It was a good time for calm seas early in the week. The Good Fortune took advantage of this to do some scanning of an area of interest. We had a special guest pilot for the SeaSearcher as we scanned a large area in between where we discovered the two wooden features. Just when we were about to scan another area of interest, we determined there was a large barge that had parked itself right over the top of our planned spot. No worries though. It’s just the beach reclamation barge and will be gone in a few days. It has been moving slowly up and down the beach all winter. They are not taking sand from our area, but it is pumping sand onto our beaches from the cape area. After a bit of piloting, Kyle took a trip out on the Discovery to help them with some bottom exploration as they work multiple target sites. By this time, the seas were not so friendly. But, they continued to explore until the sun started setting.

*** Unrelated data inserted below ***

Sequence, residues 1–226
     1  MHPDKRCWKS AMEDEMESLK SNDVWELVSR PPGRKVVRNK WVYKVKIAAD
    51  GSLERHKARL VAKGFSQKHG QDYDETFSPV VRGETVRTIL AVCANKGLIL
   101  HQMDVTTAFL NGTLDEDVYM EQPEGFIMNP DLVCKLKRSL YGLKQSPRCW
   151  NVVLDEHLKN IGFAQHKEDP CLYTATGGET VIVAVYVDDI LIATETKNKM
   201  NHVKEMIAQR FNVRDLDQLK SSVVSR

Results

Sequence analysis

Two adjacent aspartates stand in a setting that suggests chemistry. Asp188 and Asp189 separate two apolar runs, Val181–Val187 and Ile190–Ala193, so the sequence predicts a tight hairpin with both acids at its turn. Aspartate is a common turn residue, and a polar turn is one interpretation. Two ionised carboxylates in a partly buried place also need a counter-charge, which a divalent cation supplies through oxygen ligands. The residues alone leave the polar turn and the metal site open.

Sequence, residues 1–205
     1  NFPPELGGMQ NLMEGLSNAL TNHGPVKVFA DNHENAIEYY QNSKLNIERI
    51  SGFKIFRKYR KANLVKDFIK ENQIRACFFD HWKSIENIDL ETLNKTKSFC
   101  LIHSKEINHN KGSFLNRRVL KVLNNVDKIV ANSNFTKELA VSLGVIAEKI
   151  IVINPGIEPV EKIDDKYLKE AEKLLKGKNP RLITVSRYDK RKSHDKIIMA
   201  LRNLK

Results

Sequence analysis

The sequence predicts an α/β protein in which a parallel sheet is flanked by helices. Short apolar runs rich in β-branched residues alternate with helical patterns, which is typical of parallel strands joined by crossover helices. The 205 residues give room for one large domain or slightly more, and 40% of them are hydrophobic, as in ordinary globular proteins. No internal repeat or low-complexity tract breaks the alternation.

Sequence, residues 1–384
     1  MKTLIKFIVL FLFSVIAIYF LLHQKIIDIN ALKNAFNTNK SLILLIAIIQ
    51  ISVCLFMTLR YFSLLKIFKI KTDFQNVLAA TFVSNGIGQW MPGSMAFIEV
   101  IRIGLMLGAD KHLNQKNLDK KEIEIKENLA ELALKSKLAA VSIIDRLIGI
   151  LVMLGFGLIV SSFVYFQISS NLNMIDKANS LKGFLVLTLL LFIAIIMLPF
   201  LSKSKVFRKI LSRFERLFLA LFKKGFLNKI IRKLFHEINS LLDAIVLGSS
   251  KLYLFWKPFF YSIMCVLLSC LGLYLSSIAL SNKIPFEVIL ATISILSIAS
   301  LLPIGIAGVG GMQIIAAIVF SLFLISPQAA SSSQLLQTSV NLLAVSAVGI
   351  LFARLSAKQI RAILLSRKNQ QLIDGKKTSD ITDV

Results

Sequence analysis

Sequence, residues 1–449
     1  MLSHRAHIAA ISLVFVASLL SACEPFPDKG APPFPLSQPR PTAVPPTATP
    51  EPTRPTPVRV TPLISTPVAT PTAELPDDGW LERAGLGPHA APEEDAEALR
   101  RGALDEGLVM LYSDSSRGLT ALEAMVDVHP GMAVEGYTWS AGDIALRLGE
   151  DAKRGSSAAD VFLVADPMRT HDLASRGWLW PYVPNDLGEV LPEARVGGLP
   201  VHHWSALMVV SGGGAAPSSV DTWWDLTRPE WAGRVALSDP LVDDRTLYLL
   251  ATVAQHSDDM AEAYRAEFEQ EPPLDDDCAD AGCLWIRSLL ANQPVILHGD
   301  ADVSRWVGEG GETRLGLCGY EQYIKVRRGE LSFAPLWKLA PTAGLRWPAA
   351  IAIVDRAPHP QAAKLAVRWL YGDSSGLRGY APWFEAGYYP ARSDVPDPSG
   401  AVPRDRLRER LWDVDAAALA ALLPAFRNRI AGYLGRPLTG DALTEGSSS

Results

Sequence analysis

The next few days were a little rougher. Here you can see the Good Fortune heading out to the site as well as one of the divers prepping to go in the water. They wanted to search an area where they got both a magnetometer and a sonar hit at a shallow depth. The divers descended and began to search in the target area. Visibility was not bad for what was raging above. When we explore, we first use a metal detector and then use a sea scooter to gently blow the top layer away to expose any target find if it is shallow. Within about 8’ of the drop location, they uncovered a 4’ long iron spike buried just below the surface. As spikes go, this is about as big as they get. This is the kind of spike that would have been used to hold large hull sections together. It is being examined in the Wet Storage Facility now and we will let you know what they determine. From this spike, we may be able to determine beam size and approximate use.